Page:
Reykjavik, IcelandLocated in the North Atlantic Ocean, directly east of Greenland, Iceland is Europe's westernmost country and the second largest island in the North-Atlantic ocean. Its capital, Reykjavik holds practically half of Iceland’s entire population, perhaps not surprising considering how little of the country is actually habitable. As such it is the country’s unrivalled cultural and economic centre surrounded by a vast wilderness of mountains and glaciers.
The city’s highlights are mostly found in central Reykjavik: lining Old Town and Lake Tjornin are attractive tin houses, some of the more historical buildings, and many of its restaurants and nighttime hotspots. Its nightlife is legendary, with all-night street parties in summer and a huge club scene year-round. The nearby surrounding wilderness offers walking trails at Videy Island or the lava area at Heidmork, is definitely worth a visit. At "Smoky Bay" you can see geothermal steam rising from the ground. Harnessed to heat the city, these smoke signals can be seen along with any number of natural wonders, half an hour out of town.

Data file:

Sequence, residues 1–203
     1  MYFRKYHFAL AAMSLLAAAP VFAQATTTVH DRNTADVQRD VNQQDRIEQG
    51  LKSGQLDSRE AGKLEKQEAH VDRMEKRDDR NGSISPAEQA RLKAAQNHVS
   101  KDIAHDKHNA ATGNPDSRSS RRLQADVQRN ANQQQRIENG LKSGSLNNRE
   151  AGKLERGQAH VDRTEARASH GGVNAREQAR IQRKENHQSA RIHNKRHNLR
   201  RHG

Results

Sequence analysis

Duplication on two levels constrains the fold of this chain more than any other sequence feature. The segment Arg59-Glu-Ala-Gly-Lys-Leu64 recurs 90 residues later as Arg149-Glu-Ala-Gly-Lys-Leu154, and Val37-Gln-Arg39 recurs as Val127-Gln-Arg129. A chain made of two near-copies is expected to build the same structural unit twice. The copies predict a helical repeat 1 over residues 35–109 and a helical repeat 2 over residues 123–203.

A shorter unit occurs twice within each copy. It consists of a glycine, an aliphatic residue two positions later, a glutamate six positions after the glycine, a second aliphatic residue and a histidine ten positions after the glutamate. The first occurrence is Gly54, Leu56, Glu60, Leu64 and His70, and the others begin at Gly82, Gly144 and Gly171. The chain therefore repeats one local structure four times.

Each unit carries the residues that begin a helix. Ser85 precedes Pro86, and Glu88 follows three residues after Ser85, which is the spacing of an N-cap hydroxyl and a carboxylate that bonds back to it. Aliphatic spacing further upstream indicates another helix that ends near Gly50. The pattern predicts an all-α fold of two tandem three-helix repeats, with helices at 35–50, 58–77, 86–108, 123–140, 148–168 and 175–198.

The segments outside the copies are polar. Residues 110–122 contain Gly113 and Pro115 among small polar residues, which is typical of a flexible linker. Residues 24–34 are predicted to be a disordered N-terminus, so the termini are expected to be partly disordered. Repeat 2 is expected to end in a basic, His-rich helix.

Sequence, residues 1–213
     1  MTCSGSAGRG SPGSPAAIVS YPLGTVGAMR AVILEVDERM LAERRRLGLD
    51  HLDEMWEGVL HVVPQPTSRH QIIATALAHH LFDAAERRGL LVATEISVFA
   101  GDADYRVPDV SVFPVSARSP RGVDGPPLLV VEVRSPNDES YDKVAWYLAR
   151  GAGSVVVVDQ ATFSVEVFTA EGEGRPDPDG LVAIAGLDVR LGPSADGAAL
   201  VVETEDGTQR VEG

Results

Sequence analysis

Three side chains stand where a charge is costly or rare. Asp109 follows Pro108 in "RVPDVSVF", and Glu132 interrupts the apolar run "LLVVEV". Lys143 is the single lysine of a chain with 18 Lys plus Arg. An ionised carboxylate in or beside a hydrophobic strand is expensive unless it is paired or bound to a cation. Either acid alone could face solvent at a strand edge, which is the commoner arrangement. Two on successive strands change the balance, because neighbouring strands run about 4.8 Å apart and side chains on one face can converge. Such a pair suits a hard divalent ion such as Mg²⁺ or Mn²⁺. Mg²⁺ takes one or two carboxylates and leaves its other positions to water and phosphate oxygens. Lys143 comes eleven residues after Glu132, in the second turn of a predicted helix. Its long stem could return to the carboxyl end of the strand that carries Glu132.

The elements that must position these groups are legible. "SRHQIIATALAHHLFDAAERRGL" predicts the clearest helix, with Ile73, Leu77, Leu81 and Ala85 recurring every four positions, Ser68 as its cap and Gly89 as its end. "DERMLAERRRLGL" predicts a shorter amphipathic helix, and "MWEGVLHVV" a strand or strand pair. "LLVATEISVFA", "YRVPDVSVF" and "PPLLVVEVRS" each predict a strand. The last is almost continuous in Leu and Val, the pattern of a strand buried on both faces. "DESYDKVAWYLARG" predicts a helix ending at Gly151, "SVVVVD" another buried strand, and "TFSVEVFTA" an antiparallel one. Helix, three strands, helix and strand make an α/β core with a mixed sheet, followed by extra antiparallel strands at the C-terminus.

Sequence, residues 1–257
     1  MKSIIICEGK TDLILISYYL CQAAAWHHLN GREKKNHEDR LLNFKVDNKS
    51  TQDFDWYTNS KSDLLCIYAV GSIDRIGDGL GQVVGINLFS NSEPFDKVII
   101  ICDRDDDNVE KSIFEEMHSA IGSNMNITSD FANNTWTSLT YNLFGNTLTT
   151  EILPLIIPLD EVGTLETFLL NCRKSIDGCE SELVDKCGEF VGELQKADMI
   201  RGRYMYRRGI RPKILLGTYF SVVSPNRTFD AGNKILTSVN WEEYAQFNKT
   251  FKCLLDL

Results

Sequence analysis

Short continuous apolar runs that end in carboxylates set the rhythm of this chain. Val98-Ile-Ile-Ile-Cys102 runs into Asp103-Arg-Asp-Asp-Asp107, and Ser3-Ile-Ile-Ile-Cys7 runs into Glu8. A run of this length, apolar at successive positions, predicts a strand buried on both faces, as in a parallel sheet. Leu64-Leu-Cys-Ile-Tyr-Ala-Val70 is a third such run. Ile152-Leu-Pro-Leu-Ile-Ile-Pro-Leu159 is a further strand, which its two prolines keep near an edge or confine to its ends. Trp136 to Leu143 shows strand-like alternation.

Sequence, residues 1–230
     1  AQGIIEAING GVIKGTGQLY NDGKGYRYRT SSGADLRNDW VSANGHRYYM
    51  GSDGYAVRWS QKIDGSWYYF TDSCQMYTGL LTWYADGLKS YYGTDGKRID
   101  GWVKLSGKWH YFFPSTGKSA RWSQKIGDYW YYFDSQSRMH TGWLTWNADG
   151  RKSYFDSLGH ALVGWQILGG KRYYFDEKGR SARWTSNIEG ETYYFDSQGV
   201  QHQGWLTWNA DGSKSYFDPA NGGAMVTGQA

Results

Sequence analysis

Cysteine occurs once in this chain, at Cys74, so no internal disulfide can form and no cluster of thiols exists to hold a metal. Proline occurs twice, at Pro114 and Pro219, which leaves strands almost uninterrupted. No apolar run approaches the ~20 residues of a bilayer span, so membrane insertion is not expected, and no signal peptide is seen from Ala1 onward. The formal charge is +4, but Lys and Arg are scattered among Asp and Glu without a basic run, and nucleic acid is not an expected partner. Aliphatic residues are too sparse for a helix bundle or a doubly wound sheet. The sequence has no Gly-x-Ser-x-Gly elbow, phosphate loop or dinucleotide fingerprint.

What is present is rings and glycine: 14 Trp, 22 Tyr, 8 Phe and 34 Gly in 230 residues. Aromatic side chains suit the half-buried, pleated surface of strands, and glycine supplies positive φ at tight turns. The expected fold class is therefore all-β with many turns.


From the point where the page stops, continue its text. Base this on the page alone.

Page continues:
Things to See & Do
* Culture House
* Einar Jónsson Museum
* Hallgrímskirkja church steeple
* National Gallery of Iceland
* Laugadalur geothermal pool
Cruise Season – May - Oct
Currency - krona (ISK)
Language - Icelandic (official)
Land Area – 100,250 sq km
Population – 280,000
Electricity – 2 pin round pins European style
Time - GMT + 0 hours
International Country Telephone Code – +354
Port Location – The port has two main sections. Gamla Hofnin (City Harbor), the older section, is situated close to the city centre.
Transport Links – Public transport is good, with a network of buses serving Reykjavik and its suburbs, while taxis are always available.
Flight time is only 2-4 hours from Europe and 5-6 hours from east coast USA. It is possible to get to Iceland by sea as well. There is one passenger and car ferry service that sails during the summer to Seydisfjordur, a town on the east coast of Iceland. The Smyril Line ferry runs between the Faeroe Islands, Norway, Denmark and the Shetland Islands in the north of Scotland. The ferry makes a complete journey once a week throughout the year.